Cold Souls, written and directed by Sophie Barthes, starring Paul Giamatti, Emily Watson (Claire), Dina Korzun (Nina), Katheryn Winnick (Sveta) and David Straithairn (Dr. Flintstein) (2009): Some reviewers gave this movie flack for being too much like a Charlie Kaufman film. I don’t really see it. Kaufman’s films (Being John Malcovich, Adaptation) tend to trade in multiple, meta-forms of reality, and to have a hard core of absurdity. About the only similarity here is that Paul Giamatti plays Paul Giamatti, just as John Malcovich played John Malcovich (or, somewhat similarly, Nicolas Cage played Charlie Kaufman in a Charlie Kaufman film…and his fictional twin brother).
Other than that, this movie is far more straightforward than a Kaufman film — indeed, it actually works as science fiction in the Dickian comic inferno mode. I could see it appearing as a short story in a 1950’s science-fiction magazine like Galaxy. That’s a compliment.
Giamatti, playing Giamatti, is in rehearsals to play Uncle Vanya (in Chekov’s Uncle Vanya) on Broadway. He feels that something’s getting in the way of his performance — his anxiety, if you will. An article in the New Yorker tells him about a new process which allows one to remove the soul from a person’s brain and put it into cold storage. Intrigued, Giamatti visits Dr. Flintstein’s office and ultimately gets his soul removed.
Giamatti’s soul looks like a chickpea. Apparently, souls look like a lot of different things.
Into cold storage it goes, and off Giamatti goes to stink out the joint in his next few rehearsals. Back he goes to Dr. Flintstein, who rents him another soul — that of a Russian poet — for two weeks. Success! But when Giamatti goes to have his original soul put back in, it’s gone.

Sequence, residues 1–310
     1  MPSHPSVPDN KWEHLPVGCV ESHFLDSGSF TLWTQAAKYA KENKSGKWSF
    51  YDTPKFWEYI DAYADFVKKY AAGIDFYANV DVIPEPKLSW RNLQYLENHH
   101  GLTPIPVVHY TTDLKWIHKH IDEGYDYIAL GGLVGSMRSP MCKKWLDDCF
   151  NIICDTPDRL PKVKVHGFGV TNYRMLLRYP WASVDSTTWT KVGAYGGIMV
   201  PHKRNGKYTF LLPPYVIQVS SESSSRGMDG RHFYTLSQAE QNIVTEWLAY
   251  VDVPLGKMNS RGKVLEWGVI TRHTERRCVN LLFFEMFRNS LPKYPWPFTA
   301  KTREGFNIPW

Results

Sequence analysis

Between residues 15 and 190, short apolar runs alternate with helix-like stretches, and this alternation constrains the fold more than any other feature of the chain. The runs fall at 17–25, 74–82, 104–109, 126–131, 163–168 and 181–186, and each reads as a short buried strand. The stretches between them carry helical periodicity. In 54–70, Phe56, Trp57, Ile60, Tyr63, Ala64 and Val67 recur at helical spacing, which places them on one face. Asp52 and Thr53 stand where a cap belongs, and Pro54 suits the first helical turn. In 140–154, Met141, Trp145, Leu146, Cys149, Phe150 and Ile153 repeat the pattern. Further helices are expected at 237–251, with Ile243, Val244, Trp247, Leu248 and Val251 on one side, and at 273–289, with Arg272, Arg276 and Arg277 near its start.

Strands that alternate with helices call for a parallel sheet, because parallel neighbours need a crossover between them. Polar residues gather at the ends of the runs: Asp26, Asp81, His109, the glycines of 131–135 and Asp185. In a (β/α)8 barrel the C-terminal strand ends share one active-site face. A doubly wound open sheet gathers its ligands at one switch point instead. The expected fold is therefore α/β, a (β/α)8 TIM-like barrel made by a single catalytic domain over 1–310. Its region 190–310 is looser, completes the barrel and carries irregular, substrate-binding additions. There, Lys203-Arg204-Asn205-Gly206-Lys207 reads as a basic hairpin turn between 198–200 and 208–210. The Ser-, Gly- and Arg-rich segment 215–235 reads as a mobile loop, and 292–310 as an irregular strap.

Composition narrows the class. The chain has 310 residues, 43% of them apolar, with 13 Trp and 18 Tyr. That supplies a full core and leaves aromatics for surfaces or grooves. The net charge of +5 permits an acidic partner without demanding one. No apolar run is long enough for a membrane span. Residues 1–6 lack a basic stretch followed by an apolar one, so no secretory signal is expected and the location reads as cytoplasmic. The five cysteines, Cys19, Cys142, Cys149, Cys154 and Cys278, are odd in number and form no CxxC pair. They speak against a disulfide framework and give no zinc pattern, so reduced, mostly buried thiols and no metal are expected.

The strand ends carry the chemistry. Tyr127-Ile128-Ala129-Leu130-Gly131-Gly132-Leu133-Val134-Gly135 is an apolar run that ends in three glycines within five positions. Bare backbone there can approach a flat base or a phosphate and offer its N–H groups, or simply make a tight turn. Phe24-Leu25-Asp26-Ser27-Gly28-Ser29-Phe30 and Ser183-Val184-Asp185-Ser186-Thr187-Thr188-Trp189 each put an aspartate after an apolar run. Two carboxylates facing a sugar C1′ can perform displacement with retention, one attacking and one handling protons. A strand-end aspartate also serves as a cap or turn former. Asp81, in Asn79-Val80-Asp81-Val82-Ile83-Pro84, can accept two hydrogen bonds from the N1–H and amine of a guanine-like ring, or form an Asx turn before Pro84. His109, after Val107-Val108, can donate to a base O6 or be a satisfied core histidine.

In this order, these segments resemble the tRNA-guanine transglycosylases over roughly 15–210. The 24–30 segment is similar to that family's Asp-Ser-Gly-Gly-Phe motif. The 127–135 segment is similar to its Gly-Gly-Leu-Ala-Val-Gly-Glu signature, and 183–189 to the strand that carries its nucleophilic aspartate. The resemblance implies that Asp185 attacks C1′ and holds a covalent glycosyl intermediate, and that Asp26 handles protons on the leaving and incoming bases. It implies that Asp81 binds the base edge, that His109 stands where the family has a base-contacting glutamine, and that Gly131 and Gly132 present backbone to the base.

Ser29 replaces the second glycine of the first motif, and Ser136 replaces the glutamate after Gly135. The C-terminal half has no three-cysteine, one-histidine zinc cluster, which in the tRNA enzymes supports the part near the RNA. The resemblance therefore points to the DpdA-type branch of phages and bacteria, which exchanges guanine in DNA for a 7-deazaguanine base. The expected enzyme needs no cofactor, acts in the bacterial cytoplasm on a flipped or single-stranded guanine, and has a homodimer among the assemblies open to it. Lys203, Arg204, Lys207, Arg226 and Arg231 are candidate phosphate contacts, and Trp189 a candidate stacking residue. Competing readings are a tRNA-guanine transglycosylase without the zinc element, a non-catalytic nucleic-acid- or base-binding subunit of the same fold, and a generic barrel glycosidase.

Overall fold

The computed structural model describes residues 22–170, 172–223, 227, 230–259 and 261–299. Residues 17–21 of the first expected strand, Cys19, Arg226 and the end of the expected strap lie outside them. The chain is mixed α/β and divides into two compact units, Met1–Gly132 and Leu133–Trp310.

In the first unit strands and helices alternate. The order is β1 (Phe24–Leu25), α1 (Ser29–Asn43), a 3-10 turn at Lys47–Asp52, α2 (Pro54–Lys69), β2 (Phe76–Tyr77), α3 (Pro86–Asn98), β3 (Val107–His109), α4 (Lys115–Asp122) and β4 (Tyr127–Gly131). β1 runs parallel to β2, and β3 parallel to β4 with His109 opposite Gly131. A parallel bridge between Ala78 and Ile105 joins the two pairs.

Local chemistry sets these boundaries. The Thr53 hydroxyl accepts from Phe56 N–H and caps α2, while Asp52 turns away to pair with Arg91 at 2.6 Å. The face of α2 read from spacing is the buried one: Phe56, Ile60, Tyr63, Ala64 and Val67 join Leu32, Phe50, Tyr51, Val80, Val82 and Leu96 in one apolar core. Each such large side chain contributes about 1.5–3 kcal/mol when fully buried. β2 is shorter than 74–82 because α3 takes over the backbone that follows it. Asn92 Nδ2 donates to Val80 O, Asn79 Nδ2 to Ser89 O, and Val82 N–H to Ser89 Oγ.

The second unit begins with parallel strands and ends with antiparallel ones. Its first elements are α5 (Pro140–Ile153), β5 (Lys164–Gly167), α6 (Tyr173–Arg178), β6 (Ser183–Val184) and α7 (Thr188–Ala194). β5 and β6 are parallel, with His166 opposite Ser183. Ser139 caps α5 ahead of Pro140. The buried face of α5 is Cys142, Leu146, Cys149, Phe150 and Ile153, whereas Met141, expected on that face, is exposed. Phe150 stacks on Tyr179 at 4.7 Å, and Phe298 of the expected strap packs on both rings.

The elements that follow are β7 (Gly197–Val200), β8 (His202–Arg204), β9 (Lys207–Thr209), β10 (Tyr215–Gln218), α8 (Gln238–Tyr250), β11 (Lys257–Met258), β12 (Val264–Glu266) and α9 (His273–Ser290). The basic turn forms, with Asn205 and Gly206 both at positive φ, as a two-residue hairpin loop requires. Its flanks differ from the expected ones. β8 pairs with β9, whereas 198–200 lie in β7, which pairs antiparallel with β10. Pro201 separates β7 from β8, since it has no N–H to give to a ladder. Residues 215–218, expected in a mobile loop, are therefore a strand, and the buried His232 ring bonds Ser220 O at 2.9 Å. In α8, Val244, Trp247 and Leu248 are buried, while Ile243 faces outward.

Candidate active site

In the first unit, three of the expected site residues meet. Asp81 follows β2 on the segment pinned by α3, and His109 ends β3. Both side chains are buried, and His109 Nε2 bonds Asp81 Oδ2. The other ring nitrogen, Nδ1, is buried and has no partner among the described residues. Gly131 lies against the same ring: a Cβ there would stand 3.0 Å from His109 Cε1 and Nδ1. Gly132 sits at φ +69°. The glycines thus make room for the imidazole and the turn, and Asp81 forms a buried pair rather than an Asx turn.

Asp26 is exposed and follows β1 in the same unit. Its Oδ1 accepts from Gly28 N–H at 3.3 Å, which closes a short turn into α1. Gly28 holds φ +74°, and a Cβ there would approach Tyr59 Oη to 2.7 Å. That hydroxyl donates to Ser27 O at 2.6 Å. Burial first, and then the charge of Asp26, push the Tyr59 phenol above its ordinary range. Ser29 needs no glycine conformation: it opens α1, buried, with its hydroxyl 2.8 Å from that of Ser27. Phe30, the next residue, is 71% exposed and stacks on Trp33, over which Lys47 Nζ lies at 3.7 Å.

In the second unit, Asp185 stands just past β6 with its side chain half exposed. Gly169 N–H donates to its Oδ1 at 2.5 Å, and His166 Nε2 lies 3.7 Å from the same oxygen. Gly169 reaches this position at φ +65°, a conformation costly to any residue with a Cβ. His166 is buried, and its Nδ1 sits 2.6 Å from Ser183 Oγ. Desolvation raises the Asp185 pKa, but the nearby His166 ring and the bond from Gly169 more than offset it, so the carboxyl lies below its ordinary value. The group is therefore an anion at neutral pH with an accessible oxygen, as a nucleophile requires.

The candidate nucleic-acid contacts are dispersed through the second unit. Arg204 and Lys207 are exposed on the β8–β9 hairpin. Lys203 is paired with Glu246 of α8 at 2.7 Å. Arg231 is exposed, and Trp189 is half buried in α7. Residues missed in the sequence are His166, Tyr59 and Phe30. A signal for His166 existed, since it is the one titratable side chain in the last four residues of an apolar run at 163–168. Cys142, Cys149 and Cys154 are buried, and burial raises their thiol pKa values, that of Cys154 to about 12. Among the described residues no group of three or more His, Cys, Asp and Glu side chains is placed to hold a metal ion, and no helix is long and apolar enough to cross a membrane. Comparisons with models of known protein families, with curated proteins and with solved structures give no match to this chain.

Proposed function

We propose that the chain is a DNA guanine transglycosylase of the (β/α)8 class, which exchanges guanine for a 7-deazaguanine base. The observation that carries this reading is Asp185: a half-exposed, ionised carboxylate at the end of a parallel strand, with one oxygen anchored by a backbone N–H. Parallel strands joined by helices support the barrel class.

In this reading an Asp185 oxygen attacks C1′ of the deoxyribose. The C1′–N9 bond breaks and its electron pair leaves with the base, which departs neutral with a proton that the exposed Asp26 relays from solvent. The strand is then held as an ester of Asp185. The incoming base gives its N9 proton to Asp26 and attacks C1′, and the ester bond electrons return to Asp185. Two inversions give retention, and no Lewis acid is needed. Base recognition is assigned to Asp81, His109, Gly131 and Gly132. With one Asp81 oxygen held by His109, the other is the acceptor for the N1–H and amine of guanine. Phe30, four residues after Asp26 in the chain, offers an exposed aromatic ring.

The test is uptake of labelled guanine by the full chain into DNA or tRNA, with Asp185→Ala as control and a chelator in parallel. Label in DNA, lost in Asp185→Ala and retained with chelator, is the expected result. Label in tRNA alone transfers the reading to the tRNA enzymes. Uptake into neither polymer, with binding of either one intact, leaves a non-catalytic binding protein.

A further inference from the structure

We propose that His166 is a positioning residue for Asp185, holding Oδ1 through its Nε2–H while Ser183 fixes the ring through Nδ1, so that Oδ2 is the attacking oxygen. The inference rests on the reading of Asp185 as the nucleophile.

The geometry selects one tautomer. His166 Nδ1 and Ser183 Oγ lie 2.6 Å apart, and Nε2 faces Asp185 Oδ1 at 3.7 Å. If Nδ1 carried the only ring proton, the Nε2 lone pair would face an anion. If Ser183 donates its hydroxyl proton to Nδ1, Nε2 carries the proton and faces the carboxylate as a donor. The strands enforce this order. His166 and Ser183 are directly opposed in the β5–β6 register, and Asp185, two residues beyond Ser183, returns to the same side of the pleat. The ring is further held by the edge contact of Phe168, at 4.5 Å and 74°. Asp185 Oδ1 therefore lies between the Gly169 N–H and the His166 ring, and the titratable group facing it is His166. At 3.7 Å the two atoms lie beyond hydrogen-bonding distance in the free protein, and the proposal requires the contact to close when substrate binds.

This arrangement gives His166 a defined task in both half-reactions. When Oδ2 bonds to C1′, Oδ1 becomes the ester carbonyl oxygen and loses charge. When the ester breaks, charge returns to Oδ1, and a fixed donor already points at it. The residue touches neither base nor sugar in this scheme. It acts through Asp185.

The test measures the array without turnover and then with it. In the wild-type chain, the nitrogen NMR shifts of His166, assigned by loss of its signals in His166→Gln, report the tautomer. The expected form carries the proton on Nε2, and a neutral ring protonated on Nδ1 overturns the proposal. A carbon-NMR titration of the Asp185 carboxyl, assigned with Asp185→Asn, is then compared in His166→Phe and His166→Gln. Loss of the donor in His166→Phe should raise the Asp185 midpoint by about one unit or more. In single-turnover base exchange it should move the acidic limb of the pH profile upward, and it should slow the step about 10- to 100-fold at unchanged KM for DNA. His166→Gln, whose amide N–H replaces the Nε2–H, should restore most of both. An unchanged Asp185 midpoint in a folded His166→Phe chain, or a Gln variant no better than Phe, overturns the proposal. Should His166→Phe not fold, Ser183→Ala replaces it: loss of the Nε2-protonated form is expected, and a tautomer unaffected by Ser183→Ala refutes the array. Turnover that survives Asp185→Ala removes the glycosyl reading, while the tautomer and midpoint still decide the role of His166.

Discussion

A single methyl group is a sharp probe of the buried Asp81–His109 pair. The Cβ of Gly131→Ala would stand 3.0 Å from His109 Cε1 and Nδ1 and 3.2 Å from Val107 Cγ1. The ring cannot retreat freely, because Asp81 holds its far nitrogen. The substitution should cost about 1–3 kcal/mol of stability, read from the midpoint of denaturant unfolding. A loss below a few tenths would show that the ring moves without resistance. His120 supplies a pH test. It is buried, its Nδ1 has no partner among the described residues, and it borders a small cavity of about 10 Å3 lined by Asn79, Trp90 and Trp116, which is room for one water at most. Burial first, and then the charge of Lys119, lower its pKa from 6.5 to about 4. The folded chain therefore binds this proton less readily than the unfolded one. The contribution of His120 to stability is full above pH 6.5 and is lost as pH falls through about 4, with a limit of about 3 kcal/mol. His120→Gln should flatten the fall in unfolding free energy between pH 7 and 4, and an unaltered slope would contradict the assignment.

Cold Souls maintains a nice, and offbeat, mix of comedy, satire and drama throughout. The subtextual commentary (there are Russian black marketeers in souls, just as there are Russian black marketeers in human trafficking) is kept fairly basic; the parallels aren’t forced. The science of the whole procedure almost seems to make sense, just as some of Philip K. Dick’s odder pieces of technology had a strange sort of sense to them.
Giamatti is solid as usual, as are Straitharn as Dr. Flintstein and Dina Korzun as Nina, a sympathetic Russian ‘soul mule’ who brings black-market souls from Russia to the U.S. inside her own head. Sophie Barthes does a terrific job here as both writer and director, and I’ll be interested to see if she continues in this offbeat, science fictional mode for later films. Recommended.